The superiority of antidepressant medication to cognitive behavior therapy in melancholic depressed patients: a 12-week single-blind randomized study
Gordon Parker, Black Dog Institute Building, Hospital Rd, Randwick, 2031, Australia.
To pursue the previously long-standing but formally untested clinical view that melancholia is preferentially responsive to antidepressant medication in comparison with psychotherapy [specifically Cognitive Behavior Therapy (CBT)]. Second, to determine whether a broader action antidepressant medication sequencing regimen is superior to a Selective Serotonin Reuptake Inhibitor (SSRI) alone.
We sought to recruit a large sample of participants with melancholic depression for a 12-week trial but inclusion criteria compromised recruitment and testing the second hypothesis. The first hypothesis was evaluated by comparing 18 participants receiving antidepressant medication to 11 receiving CBT. Primary study measures were the Hamilton Rating Scale for Depression (HAM-D) and the Hamilton Endogenous Subscale (HES), rated blindly, while several secondary measures also evaluated outcome.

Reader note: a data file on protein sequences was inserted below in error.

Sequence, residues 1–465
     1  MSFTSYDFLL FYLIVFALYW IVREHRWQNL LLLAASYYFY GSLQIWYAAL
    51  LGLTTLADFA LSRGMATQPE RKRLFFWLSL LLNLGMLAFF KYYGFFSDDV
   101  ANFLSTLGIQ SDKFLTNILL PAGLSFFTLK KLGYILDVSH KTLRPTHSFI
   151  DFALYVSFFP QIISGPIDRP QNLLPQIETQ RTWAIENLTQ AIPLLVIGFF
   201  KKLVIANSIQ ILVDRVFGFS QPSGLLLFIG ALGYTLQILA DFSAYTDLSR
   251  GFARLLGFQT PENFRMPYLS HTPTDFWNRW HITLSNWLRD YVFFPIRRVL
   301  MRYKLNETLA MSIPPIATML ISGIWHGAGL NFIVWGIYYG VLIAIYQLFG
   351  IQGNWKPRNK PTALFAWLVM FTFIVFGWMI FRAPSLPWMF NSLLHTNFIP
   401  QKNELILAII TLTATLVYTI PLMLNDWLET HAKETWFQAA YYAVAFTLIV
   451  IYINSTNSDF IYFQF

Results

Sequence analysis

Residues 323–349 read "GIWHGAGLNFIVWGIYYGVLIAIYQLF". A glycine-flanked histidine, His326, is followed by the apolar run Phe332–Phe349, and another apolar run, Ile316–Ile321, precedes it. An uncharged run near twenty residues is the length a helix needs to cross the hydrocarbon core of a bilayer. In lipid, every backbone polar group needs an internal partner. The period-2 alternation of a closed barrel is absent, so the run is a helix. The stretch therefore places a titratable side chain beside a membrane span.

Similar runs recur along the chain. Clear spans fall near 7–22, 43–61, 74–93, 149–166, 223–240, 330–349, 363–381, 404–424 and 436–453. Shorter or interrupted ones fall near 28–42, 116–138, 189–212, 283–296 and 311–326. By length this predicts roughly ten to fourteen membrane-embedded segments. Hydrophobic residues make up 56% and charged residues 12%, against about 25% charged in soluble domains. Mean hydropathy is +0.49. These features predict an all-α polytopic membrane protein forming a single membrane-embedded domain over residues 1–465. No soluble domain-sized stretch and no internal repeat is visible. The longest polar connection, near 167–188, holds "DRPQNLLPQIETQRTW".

Participants receiving medication had a superior 12-week outcome to those receiving CBT, with significant differences present on primary measures as early as 4 weeks. At trial conclusion, the percentage improvement in HAM-D scores was 61.1% vs. 34.4%, respectively [Number Needed to Treat (NNT) = 3.7] and with those in receipt of medication returning non-significantly higher HAM-D responder (66.6% vs. 36.4%, NNT = 2.8) and remission (66.7% vs. 45.4%, NNT = 4.7) rates.
As the sample size was small and participants evidenced only moderate levels of depression severity, the study risked being underpowered and idiosyncratic. Despite the small sample, the superiority of antidepressant medication to CBT in those with a melancholic depression was distinctive in this pilot study.